Making a request - Reasonable adjustments at work

Making a request

If someone who's disabled needs support at work it's best for them to talk to the employer as soon as possible about what they need.

Nobody has to tell their employer – or potential employer – they're disabled. But when they do, the employer has a legal responsibility to support them.

Asking for reasonable adjustments

Anyone who's disabled and who needs a reasonable adjustment should talk with their manager or employer (or their potential employer if they're applying for a job).

This is so:

  • the person can explain their situation
  • the employer can understand how they can help
  • they can discuss and agree on reasonable adjustments together

Employers should do all they reasonably can to create an environment and recruitment process where people feel safe and comfortable to talk about disability. This can help towards someone getting the reasonable adjustments they need.

Find out more about talking about disability at work

How to make a request

There are various ways someone can make a reasonable adjustment request. They could do it:

  • in writing – for example in a letter or email
  • in a meeting with their manager or employer
  • through a formal process, if the organisation has a process set up for requesting reasonable adjustments

When making a reasonable adjustment request, someone could think about:

  • what would help them manage their health and work
  • what might be possible and reasonable for their employer

Any reasonable adjustments that are agreed should be confirmed in writing.

How the employer should handle a reasonable adjustment request

When someone's talking about their disability and the support they need, the employer should:

  • listen to the person and try to understand how their disability affects them
  • not make assumptions
  • consider the person's specific situation

How to decide what reasonable adjustments are needed

Both the employer and the disabled person can suggest what reasonable adjustments might help.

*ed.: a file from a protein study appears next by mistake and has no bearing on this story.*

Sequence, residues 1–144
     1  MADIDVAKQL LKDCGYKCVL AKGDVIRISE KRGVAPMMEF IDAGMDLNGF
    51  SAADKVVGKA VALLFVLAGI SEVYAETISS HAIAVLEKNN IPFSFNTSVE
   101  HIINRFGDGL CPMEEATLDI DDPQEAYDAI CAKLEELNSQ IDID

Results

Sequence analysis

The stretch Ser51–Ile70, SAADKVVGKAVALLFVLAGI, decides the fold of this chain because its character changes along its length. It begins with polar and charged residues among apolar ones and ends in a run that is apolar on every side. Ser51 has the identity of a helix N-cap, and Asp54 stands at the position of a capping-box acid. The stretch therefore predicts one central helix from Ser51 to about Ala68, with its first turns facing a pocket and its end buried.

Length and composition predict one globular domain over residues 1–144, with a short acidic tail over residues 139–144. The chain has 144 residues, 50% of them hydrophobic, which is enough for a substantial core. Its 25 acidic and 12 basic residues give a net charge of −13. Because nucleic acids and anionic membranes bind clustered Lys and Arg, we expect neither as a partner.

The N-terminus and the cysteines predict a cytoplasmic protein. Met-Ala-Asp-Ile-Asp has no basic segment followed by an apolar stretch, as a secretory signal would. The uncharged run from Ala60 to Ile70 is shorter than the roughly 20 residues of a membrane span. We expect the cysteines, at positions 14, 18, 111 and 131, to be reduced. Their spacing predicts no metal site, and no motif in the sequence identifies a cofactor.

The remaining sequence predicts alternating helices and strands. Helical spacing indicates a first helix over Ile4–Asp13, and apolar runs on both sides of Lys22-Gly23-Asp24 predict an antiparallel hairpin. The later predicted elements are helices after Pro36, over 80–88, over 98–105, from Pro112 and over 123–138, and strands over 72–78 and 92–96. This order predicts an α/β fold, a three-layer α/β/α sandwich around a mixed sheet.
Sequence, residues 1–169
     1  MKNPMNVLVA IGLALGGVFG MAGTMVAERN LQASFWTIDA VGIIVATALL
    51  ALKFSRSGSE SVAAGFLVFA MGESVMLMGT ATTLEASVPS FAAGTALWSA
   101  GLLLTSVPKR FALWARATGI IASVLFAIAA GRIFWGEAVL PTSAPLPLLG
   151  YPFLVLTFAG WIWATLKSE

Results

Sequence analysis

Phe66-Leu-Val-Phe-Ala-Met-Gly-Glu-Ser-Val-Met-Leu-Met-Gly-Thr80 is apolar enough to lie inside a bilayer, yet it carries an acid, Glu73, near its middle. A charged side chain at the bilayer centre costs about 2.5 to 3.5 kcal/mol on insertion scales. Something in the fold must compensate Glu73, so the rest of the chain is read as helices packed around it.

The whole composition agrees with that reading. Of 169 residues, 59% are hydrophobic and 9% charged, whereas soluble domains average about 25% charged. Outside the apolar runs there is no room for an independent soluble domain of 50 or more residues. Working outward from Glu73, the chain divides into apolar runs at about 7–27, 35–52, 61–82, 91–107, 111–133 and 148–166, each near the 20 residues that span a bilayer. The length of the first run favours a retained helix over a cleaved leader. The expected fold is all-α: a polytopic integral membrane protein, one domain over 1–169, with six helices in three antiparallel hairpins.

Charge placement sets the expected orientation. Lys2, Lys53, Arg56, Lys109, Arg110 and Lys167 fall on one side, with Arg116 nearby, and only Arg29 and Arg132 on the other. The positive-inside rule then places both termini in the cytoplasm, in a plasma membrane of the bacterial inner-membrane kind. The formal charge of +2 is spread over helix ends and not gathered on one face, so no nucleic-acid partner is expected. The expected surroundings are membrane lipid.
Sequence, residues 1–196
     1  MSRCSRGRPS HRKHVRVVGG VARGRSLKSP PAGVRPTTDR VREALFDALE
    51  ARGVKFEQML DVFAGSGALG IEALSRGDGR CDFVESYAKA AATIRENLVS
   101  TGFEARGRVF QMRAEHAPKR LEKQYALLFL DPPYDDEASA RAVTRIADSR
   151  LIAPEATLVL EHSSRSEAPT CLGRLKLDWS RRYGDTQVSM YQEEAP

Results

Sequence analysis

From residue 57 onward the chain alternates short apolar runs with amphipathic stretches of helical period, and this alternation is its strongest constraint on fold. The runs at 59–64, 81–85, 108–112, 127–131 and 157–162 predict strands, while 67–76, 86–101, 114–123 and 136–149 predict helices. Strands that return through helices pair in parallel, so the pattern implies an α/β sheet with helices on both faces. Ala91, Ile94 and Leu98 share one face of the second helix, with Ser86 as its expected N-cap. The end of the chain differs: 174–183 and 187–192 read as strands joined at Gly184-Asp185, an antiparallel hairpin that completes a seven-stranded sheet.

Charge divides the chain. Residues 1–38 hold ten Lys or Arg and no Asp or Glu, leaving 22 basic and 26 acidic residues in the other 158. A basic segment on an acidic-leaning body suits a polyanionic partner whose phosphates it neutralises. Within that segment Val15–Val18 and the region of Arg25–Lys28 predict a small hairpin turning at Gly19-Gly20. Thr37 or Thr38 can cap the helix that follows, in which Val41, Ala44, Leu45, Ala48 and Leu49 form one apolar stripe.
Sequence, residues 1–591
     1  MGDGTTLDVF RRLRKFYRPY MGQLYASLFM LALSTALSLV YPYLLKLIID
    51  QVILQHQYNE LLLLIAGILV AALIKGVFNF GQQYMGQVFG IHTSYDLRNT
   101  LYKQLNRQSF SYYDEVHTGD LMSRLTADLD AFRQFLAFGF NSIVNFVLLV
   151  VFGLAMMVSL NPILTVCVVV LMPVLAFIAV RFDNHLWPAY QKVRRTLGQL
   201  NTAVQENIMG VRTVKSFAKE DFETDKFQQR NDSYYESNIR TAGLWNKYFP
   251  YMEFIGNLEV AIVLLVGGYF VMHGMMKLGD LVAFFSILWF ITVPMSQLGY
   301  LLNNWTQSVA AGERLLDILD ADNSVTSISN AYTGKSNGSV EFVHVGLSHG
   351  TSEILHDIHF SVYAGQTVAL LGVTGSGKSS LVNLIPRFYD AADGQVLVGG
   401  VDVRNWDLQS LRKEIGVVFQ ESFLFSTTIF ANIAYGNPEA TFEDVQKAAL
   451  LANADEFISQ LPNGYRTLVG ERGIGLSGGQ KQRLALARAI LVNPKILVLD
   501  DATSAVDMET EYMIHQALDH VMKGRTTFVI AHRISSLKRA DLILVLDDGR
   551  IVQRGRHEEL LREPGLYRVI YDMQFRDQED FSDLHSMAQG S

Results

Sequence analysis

Employers should take the lead from the person asking for reasonable adjustments. This is because they might have a better idea of what changes would be helpful to them.

Some adjustments might be straightforward to discuss and agree together.

The employer can consider getting medical advice if they need help to decide what adjustments are needed. For example, the employer could agree with a disabled member of staff to:

An employer does not have to make adjustments that are unreasonable. However, they should still find other ways to support the disabled person.

Find out more about supporting disabled people at work

Reviewing adjustments and keeping a record

Someone's reasonable adjustments might need to change over time. They should talk with their manager regularly to review their adjustments, and keep a record of what they've asked for and what's been put in place.

Find out more about reviewing adjustments and keeping a record

Reasonable adjustments in recruitment

Job applicants can ask for reasonable adjustments for any part of the recruitment process. For example, someone might need the application form in a different format, wheelchair access for an interview, or more time for an interview test.

Find out more about following discrimination law when recruiting

Get more advice and support

If you have any questions about reasonable adjustments, you can contact the Acas helpline.

Find more support for managing disability at work

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